Researchers hit on antioxidant to boost immunity in catfish
A team of researchers from Latin America are exploring ways to improve catfish production. The group published their work on feed ingredient, quercetin, in the journal Aquaculture.
“Silver catfish (Rhamdia quelen) has potential for aquaculture in southern Brazil due to its elevated growth rate, good carcass yield and easily controlled reproduction in subtropical climate ( Baldisserotto, 2009),” said the researchers. “The current study aims to examine the effect of quercetin on blood parameters, oxidative biomarkers and pituitary hormone expression in R. quelen.”
The group found that the treatment did not alter the blood chemistry of fish, but improved antioxidant responses, members said.
“Our results suggests that supplementation of silver catfish diet with quercetin is beneficial since it reduced the LPO [lipid peroxidation] and increased antioxidant capacity in vital tissues of fish without having any impact on hematological and biochemical parameters, and on pituitary hormone gene expression,” they said.
Quercetin is a naturally produced flavonol found in several fruits, vegetables and nuts, noted the authors. In previous studies with other species, the ingredient was found to alter rats’ hypothalamic adrenal axis and was linked to stress reduction and reduced cortisol levels, they said.
“This flavonoid is also described as an exceptional scavenger of free radicals such as peroxynitrite and hydroxyl radical (Bors et al., 1994 and D'Andrea, 2015),” said the researchers. “This evidence supports the study of quercetin as a potential natural antioxidant to be incorporated in fish diet.”
And farmed fish can be subject to a constant state of stress or stress factors, which generate interest in feed additives that can boost performance, immune function or fillet quality, said the researchers. Increased stress often results in poor health for the fish.
“Aspects such as water quality, culture density, feeding, nutritional conditions, and handling procedures directly influence these hormonal pathways (Suárez et al., 2015),” they said.
Stressors also can trigger an endocrine response in farmed fish that raises the secretion levels of catecholamines like epinephrine or norepinephrine and cortisol, said the researchers. The increased production of those hormones also can generate secondary effects like a rapid use of energy reserves.
Farm conditions also may alter the expression of growth hormones that play a role in physiological processes, they said, and they may promote excessive reactive oxygen species (ROS) formation.
“Increased ROS levels can potentially damage cellular components, promoting lipid peroxidation (LPO), enzyme inactivation and oxidative DNA damage ( Cho and Lee, 2012 and Saleh et al., 2015),” they said.
Changes in farming practices for raising fish could improve fish welfare, said the researchers. The addition of natural antioxidants to the diet also may reduce production costs and provide an alternative to synthetic compounds.
Fish were given trial diets including three levels of quercetin – 0, 0.15 and 0.30% - for a period of 21 days, said the researchers. Fish were assigned randomly to one of nine boxes with diets tested in triplicate and had a two-week acclimation period.
The quercetin used in the diets was a commercial product, they said. “The diet consisted of 30% soybean meal, 35% meat and bone meal, 12% rice bran, 15% corn, 3% canola oil, 1% salt, 3% vitamins and minerals (premix) and 1% phosphate dicalcium,” they added.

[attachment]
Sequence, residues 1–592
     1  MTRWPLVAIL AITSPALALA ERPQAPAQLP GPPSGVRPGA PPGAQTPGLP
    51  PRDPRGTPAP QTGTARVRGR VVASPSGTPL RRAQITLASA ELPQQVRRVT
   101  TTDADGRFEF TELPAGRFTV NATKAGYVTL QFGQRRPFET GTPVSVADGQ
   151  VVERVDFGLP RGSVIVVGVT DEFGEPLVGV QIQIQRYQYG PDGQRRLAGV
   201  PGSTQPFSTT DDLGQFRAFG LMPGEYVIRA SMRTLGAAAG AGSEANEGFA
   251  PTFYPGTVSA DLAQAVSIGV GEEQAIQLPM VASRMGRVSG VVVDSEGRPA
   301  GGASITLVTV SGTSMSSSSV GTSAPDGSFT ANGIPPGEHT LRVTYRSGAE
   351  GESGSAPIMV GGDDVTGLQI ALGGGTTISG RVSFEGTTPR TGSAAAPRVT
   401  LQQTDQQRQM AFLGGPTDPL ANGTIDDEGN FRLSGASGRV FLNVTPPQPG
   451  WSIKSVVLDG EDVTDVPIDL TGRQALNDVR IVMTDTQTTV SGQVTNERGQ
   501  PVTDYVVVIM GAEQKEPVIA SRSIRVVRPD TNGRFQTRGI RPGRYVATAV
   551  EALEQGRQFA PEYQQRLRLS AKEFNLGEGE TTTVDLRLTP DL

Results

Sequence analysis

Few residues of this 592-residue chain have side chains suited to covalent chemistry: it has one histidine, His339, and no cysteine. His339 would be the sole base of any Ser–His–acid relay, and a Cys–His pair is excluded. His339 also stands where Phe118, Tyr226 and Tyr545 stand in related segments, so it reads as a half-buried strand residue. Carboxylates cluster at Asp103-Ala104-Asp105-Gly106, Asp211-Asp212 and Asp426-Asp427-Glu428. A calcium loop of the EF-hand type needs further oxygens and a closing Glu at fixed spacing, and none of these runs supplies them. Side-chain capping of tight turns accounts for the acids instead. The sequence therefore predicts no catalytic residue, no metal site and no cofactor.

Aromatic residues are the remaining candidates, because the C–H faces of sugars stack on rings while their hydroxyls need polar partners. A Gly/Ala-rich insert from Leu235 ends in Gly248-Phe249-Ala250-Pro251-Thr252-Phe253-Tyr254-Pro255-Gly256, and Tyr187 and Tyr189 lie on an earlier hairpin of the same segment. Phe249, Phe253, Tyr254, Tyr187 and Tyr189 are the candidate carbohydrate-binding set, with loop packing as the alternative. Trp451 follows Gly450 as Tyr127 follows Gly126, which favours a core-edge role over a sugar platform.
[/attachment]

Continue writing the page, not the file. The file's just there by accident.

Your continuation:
Blood samples were collected on day 21, they said. Fish were harvested and pituitary brain, gill, liver, kidney and muscle samples were taken.
Blood was checked for hematocrit (HCT), they said. Plasma was used for a biochemical analysis and checked for cortisol levels, glucose (GLU), lactate dehydrogenase (LDH), triglycerides (TRI), cholesterol (CHO), low- and high-density lipoprotein cholesterol (LDL, HDL) and urea (URE).
Tissues were checked for stress biomarkers, protein content, superoxide dismutase, catalase, glutathione peroxidase, non-protein thiols, total reactive antioxidant potential and ascorbic acid content, they said.
There were no significant changes in hematological or biochemical parameters for the fish getting the trial diets, said the researchers.
“Diets containing different quercetin concentrations did not exert any significant effect on the HCT, HB [hemoglobin concentration] and MCHC [mean cell hemoglobin concentration] in whole blood,” they said. “Compared with the control group, plasma levels of cortisol, GLU, LDH, TRI, CHO, LDL, HDL and URE did not differ among the experimental groups.”
However, fish getting the dietary supplement had a reduction in lipid peroxidation in the tissues evaluated, they said. Activity of several antioxidant enzymes including superoxide dismutase, catalase, glutathione peroxidase and glutathione S-transferase was improved for those fish.
“Decreased LPO levels observed in our experiments indicate an important antioxidant effect of quercetin, said the researchers. “The quercetin action could be attributed to the chain-breaking action of this compound in the free radical formation and consequent prevention of membrane oxidation (Bischoff, 2008).”
Fish getting the trial diets also saw higher levels of non-protein thiols, total reactive antioxidant potential and ascorbic acid, they said.
No changes were found in cortisol levels or the expression of growth hormone, prolactin or somatolactin, in fish getting the supplemented feed, said the researchers.
Title: Quercetin in the diet of silver catfish: Effects on antioxidant status, blood parameters and pituitary hormone expression
Authors: Tanise S. Pês, Etiane M.H. Saccol, Giovana M. Ourique, Érika P. Londero, Luciane T. Gressler, Jaqueline I. Golombieski, Werner G. Glanzner, Susana F. Llesuy, Paulo B.D. Gonçalves, João Radünz Neto, Bernardo Baldisserotto, Maria A. Pavanato,